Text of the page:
Holly, Carissa

S & J Nursery’s Guide to Growing

Carissa Holly

for Northeast Florida Jacksonville

| St. Augustine area Landscapes

(Ilex Cornuta Carissa )

Carissa Holly foliage up close

Carissa Holly Preferred Exposure:

– Carissa Holly prefers a full sun to partial shade location in the North Florida | Jacksonville | St. Augustine area landscapes.

Carissa Holly Foliage:

– Deep dark and glossy  green foliage of the Carissa Holly
has a neat tidy appearance and a single spine on each leaf tip.

Carissa Holly Soil Preference / Salt tolerance:

– Holly plants prefer rich, well drained slightly acid soils but is widely tolerant of a wide range of soil conditions including sand, clay, loam, extended flooding zones, even well drained non irrigated soils

-Salt tolerance low to medium

Carissa Holly Size Variance:

– Dwarf Burfordii Holly can reach sizes of 3-4+ feet High | 4-6+ feet Wide but is easily maintained as low as 2 ft with just annual pruning.

Carissa Holly Growth Habit:

– Carissa Holly has a rounded growth habit and needs little or no pruning to keep its shape.

Carissa Holly Growth Rate:

– Carissa Holly is a slow growing landscape selection, it may require a little
patience to get it to the size you would like it to be but once it gets there it only takes a once a year trim to keep it looking great!

Carissa Holly Bloom:

-This plant rarely blooms and although I have never actually seen it happen it is said that it will occasionally have clusters of small white flowers are not very showy in the summer but are followed in fall by clusters of berries that turn a bright Christmas red color. If you want a holly for annual berry production, this is not it! Its planted more for its low mature height and slow growth rate.

Carissa Holly Water Requirements:

– Carissa Holly is drought tolerant once established into the landscape and requires very little attention to daily watering except when first being planted from the nursery containers into the landscape, especially during North Florida | Jacksonville | St. Augustine area’s hot summer months.

– Carissa Hollys are an ideal planting for areas that will receive little to no
supplemental irrigation.

Butterfly or Bird Attracting:

– Carissa Hollys do not attract wildlife to the landscape.

Best Uses For Carissa Holly:

– Carissa Holly make a great choice for a low growing hedge or lower layer of foundation planting for homes or commercial buildings.

– Few pest or disease problems in the North Florida | Jacksonville | St. Augustine area landscapes.

Care of S & J Nursery’s North Florida | Jacksonville | St. Augustine Shrubs:

– Shrubs can be planted in the North Florida | Jacksonville | St. Augustine area at any time during the year. In normal and well draining soils dig the hole as deep as the root ball and two to three times as wide. Plant the top of the root ball level or slightly higher than the surrounding soils. When planting in poorly drained soils make sure to plant your shrubs a minimum of 3 inches ABOVE the surrounding soil level.

– Water every day during the establishment period. For most 3 gallon size shrubs in the North Florida landscape in average soil, that is neither heavy clay that holds water or really sandy that will take 2-3 weeks of daily watering to ensure that your newly planted shrub will begin to put out new roots and grow into its new home happily. After the first few weeks begin tapering back your watering to every other day then every third day and so on until your newly planted items are flourishing without your assistance.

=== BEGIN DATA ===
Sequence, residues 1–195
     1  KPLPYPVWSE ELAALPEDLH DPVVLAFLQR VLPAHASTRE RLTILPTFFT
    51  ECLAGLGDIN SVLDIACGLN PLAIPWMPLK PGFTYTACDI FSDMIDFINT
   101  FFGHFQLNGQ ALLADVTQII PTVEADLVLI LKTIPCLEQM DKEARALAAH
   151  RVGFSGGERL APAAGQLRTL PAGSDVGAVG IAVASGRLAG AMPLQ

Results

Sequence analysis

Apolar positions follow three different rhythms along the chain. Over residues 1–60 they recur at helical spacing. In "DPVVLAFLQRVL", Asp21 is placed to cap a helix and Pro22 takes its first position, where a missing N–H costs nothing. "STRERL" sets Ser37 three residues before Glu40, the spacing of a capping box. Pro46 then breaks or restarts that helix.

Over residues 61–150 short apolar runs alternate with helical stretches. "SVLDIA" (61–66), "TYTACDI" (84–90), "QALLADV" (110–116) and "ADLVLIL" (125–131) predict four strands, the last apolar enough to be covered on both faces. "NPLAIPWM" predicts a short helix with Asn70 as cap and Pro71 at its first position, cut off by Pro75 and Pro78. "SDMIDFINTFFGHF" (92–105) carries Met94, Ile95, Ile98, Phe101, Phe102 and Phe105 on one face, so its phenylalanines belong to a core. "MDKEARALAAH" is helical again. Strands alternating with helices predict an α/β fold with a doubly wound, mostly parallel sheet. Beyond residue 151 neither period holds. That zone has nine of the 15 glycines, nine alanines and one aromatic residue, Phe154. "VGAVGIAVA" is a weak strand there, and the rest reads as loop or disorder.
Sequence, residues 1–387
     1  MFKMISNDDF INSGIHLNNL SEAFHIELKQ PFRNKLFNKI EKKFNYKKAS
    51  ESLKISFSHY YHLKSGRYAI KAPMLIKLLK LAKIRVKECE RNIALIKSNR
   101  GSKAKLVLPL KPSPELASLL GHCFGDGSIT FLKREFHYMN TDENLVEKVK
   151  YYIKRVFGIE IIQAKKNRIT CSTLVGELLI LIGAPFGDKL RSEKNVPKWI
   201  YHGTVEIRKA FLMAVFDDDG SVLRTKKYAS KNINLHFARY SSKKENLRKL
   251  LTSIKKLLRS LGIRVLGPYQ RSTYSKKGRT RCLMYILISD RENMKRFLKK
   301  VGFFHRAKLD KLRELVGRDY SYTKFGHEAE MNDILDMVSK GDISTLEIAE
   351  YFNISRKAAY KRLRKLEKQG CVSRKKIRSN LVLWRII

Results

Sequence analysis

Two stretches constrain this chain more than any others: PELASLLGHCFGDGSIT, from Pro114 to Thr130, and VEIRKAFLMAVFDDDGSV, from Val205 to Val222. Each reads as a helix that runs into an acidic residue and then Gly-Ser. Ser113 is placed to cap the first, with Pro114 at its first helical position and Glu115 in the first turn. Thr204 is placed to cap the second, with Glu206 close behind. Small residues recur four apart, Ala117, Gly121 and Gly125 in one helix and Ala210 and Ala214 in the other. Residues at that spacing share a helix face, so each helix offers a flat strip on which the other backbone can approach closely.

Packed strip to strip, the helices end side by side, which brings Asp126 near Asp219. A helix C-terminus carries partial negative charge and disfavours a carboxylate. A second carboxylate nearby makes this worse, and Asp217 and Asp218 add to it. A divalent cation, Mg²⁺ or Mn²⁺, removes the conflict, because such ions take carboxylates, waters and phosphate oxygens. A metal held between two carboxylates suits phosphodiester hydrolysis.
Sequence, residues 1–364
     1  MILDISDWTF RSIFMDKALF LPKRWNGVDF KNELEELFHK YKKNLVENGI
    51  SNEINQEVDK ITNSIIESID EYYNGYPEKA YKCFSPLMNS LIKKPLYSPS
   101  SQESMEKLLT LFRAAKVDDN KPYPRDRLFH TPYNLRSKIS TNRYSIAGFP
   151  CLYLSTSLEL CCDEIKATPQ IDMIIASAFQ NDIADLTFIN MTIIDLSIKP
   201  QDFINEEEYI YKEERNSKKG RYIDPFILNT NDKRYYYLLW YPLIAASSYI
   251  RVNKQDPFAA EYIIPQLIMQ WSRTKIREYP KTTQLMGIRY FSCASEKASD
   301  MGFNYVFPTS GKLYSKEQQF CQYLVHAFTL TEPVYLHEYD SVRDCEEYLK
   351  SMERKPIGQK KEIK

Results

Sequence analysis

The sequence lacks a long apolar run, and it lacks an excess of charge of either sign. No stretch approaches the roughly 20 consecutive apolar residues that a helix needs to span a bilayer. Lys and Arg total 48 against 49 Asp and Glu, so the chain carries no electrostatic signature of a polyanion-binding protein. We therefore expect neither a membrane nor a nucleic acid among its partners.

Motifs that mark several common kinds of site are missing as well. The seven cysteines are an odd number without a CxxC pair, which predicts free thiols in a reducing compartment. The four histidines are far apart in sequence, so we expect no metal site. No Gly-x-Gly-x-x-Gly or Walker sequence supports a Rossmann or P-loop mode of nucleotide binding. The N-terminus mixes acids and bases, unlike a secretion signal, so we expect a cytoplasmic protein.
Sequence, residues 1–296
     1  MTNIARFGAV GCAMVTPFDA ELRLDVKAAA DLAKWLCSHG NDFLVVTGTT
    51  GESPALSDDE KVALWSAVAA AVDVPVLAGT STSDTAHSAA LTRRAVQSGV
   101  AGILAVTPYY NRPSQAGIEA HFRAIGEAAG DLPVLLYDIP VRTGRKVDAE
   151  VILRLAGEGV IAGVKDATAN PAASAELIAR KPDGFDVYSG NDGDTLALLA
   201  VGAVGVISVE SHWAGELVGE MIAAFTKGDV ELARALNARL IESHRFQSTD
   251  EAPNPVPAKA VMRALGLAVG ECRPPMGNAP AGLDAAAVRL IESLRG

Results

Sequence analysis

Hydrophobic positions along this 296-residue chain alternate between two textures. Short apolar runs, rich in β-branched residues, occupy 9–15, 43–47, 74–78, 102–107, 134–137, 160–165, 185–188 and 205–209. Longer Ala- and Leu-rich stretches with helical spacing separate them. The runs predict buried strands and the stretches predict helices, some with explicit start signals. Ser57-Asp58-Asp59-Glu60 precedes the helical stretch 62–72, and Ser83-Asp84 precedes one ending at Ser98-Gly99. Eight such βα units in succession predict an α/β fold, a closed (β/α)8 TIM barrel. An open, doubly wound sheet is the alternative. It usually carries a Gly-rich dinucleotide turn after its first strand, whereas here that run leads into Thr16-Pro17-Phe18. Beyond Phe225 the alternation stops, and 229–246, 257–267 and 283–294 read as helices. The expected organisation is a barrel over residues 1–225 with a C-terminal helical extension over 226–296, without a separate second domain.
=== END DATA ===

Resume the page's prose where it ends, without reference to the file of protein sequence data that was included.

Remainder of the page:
– If planting larger shrubs you may need to extend the initial care a bit longer to protect your investment and get your shrubs off to the best start possible.

– IMPORTANT: If planting shrubs in heavy clay soils that hold allot of water after a rain or irrigating, remember to check the soil for moisture by sticking your fingers into the soil near the root ball of the newly planted shrub down to 2-3 inches. If it remains wet from the previous watering wait for the top 2-3 inches to dry out before watering again.

– IMPORTANT: When planting shrubs into poor sandy soils be sure to amend the planting hole by mixing compost or cow manure etc. with the native soil that will go back in the hole around the new plants root ball when installing your shrub material, this will not only give your new shrubs good soil to grow its new roots into but help it hold water.

– When planting shrubs from containers be sure to loosen the roots as much as possible pulling loose roots away from the root ball before installing your new plants, if the roots are to tight to easily loosen with your hands use a knife to cut a few slits into the root ball being careful to go all the way from the top to the bottom and making the cut at least an inch deep. This will ensure that your plant will immediately begin to form new roots into its new surrounding soil.

– Mulch newly planted shrubs whenever possible.

– Fertilize each spring with a mixture of Milorganite and a slow release poly coated plant food such as Osmocote or Stay Green general purpose plant food, sprinkling the fertilizer around the mulch circle underneath the foliage of the tree

– Prune as needed to shape each spring and or summer.